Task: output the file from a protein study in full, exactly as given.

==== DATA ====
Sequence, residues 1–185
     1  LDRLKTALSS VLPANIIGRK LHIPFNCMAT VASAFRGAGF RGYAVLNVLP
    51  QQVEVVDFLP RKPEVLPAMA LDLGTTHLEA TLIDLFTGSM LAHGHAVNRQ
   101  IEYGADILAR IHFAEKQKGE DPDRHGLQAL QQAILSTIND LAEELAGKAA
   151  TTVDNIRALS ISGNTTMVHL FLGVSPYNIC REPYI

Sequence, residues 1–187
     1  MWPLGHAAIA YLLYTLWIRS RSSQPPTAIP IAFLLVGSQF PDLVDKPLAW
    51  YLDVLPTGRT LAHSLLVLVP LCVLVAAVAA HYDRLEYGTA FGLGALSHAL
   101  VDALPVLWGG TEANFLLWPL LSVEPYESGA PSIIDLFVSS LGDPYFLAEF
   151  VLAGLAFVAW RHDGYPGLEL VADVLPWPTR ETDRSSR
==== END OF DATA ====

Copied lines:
Sequence, residues 1–185
     1  LDRLKTALSS VLPANIIGRK LHIPFNCMAT VASAFRGAGF RGYAVLNVLP
    51  QQVEVVDFLP RKPEVLPAMA LDLGTTHLEA TLIDLFTGSM LAHGHAVNRQ
   101  IEYGADILAR IHFAEKQKGE DPDRHGLQAL QQAILSTIND LAEELAGKAA
   151  TTVDNIRALS ISGNTTMVHL FLGVSPYNIC REPYI

Sequence, residues 1–187
     1  MWPLGHAAIA YLLYTLWIRS RSSQPPTAIP IAFLLVGSQF PDLVDKPLAW
    51  YLDVLPTGRT LAHSLLVLVP LCVLVAAVAA HYDRLEYGTA FGLGALSHAL
   101  VDALPVLWGG TEANFLLWPL LSVEPYESGA PSIIDLFVSS LGDPYFLAEF
   151  VLAGLAFVAW RHDGYPGLEL VADVLPWPTR ETDRSSR